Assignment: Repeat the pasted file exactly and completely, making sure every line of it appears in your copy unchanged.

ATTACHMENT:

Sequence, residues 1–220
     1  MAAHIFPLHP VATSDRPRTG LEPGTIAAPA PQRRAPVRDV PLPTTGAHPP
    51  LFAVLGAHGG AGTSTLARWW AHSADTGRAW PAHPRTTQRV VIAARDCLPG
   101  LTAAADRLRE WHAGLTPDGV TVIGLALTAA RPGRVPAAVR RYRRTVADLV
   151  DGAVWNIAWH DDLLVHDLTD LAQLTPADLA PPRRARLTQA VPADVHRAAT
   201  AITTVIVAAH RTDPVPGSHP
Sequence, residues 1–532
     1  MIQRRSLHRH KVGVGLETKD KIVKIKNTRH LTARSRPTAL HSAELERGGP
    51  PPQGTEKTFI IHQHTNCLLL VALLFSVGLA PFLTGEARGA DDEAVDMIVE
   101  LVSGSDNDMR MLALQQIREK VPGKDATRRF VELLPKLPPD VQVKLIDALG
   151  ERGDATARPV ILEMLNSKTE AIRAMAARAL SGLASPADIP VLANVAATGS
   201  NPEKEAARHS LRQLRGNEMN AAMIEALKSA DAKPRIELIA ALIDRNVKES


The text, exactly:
Sequence, residues 1–220
     1  MAAHIFPLHP VATSDRPRTG LEPGTIAAPA PQRRAPVRDV PLPTTGAHPP
    51  LFAVLGAHGG AGTSTLARWW AHSADTGRAW PAHPRTTQRV VIAARDCLPG
   101  LTAAADRLRE WHAGLTPDGV TVIGLALTAA RPGRVPAAVR RYRRTVADLV
   151  DGAVWNIAWH DDLLVHDLTD LAQLTPADLA PPRRARLTQA VPADVHRAAT
   201  AITTVIVAAH RTDPVPGSHP
Sequence, residues 1–532
     1  MIQRRSLHRH KVGVGLETKD KIVKIKNTRH LTARSRPTAL HSAELERGGP
    51  PPQGTEKTFI IHQHTNCLLL VALLFSVGLA PFLTGEARGA DDEAVDMIVE
   101  LVSGSDNDMR MLALQQIREK VPGKDATRRF VELLPKLPPD VQVKLIDALG
   151  ERGDATARPV ILEMLNSKTE AIRAMAARAL SGLASPADIP VLANVAATGS
   201  NPEKEAARHS LRQLRGNEMN AAMIEALKSA DAKPRIELIA ALIDRNVKES